Proposed wooden bridge passes hurdle at Courtenay council meeting

COURTENAY RIVER PEOPLE Bridge supporters Norman Reader, Ed Schum and Harry Holland (from left) smile after Courtenay council decided to spend $70,000 on planning and research for the bridge and apply for a $1.9 million grant for its construction. Reader constructed this wooden mockup of the bridge. - Renée Andor
COURTENAY RIVER PEOPLE Bridge supporters Norman Reader, Ed Schum and Harry Holland (from left) smile after Courtenay council decided to spend $70,000 on planning and research for the bridge and apply for a $1.9 million grant for its construction. Reader constructed this wooden mockup of the bridge.
— image credit: Renée Andor

The proposed pedestrian and cyclist bridge over the Courtenay River just took a large step towards becoming reality.
Courtenay council committed $70,000 from the New Works Community Works Fund Reserve Monday towards survey, design, geotechnical, environmental and archaeological work at the proposed location between Sixth Street and Simms Millennium Park.
The City will also apply for a $1.9 million grant from the Gas Tax Innovations Fund for construction of this bridge, along with a $1.75 million grant from the Gas Tax General Strategic Priorities Fund for recoating of the Fifth Street bridge, both of which must be filed by the end of May.
"I was really excited to be able to see this project (the pedestrian and cyclist bridge) move forward," supporter Coun. Ronna-Rae Leonard said after the decision was made. "If it didn't pass today that would have been the end of the project."
The motion was not passed unanimously. After well over an hour of debate, Leonard, Coun. Doug Hillian, Coun. Jon Ambler and Coun. Bill Anglin voted in favour, while Mayor Larry Jangula, Coun. Starr Winchester and Coun. Manno Theos were opposed.
The covered bridge would be about 180 feet in length and would be made of locally sourced timber. Courtenay River People Bridge steering committee chair Harry Holland spoke to council in early March and noted the bridge would be a community building project, with various groups, organizations, businesses and individuals taking part in the work, including the Timber Framers Guild, which helped construct a similar bridge in Golden, B.C. 
Although Jangula said the pedestrian bridge sounded like a great project, he was concerned about spending money on it and wanted to ensure the much-needed work on the Fifth Street bridge was completed before moving ahead with a new bridge.
"We have to separate our needs from our wants. I've been elected for nine years and we really haven't done a very good job at this table of doing that," he said. "If, for example, we get the funding to build this bridge but we don't get the money to build the Fifth Street bridge we're going to look pretty foolish."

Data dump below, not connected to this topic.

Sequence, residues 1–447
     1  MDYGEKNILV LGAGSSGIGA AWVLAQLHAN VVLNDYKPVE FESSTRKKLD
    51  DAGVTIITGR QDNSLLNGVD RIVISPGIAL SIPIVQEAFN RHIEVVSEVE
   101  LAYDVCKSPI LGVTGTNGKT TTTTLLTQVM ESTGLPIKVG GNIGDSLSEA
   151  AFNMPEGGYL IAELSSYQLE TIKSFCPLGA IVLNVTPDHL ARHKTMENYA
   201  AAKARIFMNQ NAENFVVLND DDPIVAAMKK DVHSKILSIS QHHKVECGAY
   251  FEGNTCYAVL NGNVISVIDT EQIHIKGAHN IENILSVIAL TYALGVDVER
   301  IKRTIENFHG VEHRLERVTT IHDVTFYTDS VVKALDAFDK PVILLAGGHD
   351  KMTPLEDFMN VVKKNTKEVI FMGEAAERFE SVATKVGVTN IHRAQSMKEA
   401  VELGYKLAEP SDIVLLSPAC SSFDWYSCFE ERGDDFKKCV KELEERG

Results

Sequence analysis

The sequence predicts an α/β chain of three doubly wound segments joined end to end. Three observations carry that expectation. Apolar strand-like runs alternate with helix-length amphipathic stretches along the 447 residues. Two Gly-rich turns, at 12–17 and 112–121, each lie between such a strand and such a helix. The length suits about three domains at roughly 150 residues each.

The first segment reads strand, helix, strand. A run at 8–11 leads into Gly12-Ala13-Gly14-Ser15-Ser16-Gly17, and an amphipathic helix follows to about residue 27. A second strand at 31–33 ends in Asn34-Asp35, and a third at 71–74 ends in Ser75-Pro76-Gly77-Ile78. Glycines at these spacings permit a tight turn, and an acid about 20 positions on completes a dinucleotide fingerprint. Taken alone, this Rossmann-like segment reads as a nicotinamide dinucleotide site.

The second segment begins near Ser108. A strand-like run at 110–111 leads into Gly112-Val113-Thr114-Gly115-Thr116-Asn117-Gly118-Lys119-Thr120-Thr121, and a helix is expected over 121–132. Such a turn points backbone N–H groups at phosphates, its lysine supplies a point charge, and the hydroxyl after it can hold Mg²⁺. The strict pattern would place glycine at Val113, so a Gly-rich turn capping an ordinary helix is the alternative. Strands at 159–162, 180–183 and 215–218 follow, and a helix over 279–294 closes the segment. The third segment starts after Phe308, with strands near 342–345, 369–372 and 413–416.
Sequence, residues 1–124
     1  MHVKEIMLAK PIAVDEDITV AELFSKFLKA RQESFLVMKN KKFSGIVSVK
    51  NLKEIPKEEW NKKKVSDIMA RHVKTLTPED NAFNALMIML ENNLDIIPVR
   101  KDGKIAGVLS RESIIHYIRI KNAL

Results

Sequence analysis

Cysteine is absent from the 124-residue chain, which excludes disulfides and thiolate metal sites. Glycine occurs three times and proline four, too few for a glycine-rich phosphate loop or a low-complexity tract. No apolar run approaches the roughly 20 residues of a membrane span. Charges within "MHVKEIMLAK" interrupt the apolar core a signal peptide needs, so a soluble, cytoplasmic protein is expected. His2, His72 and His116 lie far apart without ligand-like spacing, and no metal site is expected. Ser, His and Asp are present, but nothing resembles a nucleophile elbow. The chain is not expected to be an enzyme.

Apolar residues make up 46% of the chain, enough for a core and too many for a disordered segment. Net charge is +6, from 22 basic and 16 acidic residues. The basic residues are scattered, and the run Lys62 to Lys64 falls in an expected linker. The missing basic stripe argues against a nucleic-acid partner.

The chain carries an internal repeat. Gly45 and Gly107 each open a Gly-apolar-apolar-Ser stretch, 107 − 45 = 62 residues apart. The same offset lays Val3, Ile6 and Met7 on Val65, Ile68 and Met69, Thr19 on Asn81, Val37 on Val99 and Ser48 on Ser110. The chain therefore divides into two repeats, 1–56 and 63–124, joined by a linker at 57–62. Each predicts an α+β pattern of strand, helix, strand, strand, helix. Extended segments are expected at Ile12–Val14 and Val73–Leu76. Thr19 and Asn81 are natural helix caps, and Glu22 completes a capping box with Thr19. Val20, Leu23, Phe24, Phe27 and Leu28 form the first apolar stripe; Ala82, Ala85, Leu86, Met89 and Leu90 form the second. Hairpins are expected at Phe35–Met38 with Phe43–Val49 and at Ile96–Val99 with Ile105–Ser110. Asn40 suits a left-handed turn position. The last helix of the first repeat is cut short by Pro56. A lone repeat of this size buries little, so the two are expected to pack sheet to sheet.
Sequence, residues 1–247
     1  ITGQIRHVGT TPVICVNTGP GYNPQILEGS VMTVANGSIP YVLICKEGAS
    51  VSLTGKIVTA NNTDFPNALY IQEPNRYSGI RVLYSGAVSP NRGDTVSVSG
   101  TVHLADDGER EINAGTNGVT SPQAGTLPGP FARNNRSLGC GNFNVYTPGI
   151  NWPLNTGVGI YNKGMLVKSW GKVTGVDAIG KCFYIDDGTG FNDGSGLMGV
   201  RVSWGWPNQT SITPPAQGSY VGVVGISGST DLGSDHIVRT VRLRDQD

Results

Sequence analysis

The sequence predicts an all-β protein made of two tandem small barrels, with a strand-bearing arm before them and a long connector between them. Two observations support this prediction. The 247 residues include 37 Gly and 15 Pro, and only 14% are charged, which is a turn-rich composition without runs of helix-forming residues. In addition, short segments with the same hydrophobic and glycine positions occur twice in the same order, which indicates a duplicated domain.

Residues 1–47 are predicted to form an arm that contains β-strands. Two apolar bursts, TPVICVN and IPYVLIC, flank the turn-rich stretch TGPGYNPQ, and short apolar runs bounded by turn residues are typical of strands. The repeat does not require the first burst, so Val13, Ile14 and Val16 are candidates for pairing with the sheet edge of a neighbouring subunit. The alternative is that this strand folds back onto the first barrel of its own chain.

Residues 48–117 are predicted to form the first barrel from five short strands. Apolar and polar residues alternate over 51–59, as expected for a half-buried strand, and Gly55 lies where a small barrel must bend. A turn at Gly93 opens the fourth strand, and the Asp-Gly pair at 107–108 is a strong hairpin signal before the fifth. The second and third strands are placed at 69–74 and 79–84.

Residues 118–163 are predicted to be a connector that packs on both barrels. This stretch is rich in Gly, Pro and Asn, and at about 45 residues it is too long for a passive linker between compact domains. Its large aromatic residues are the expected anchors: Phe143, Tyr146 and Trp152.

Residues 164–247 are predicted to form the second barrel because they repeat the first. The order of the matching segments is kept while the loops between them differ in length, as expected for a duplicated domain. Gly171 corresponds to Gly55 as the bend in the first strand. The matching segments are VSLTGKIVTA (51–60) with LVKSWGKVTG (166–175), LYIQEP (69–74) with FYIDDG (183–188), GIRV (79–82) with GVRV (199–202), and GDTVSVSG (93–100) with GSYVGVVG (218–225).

Anglin pointed out that it would be up to the Province to decide if the grant applications met the requirements and only applying for one wouldn't necessarily help the other succeed because they are separate grants.
City director of operations Kevin Lagan said the two applications go to separate funding sources, but if the Fifth Street bridge application doesn't pass in General Strategic Priorities Fund it can be transferred to the Innovations Fund, and the City would have to announce its priority between the two at that time.
Winchester and Theos spoke of concerns about possible lack of public support for the proposed bridge.
"Public discussion is huge because guess what, that public, those are our stakeholders," Theos said passionately, as he suggested a survey be sent out with the City's tax notices. "We're talking 25,000 people in this community, they need to be involved in that conversation."
However, Ambler countered, pointing out that the City brings in and spends about $50 million per year in its general operating budget, and the public elected them to make decisions on spending amounts like $70,000.
He also said support for the pedestrian bridge seemed diverse.
"I would put the Cycling Task Force on the left; they're greenies, they're worried about the environment, they want to rides their bikes," said Ambler. "Rotary Clubs though, they're business people. That's the other end of the spectrum… there's diverse support for this."
Four Rotary Clubs — Courtenay, Comox, Strathcona Sunrise, and Cumberland — support the bridge, as well as the Downtown Courtenay Business Improvement Association, and a number of other local groups and organizations.
Hillian noted that the idea of a wooden bridge has been around since the late 1980s, and said it would be a mistake to pass on the chance to move the project forward now.
"We have people who have come forward and rallied to this project and are willing to put their own sweat equity into it, who are willing to raise money regardless of whether the City can come up with grants or not," said Hillian. "It would be looking a gift horse in the mouth if we turned this down at this particular point."
After the motion passed, Winchester made another motion to set the Fifth Street bridge as a priority in the application package. This motion was passed with Hillian and Leonard opposed.
The City will now start the research and design phase of the project to complete it before the grant application deadline.
For more information on the proposed bridge, visit

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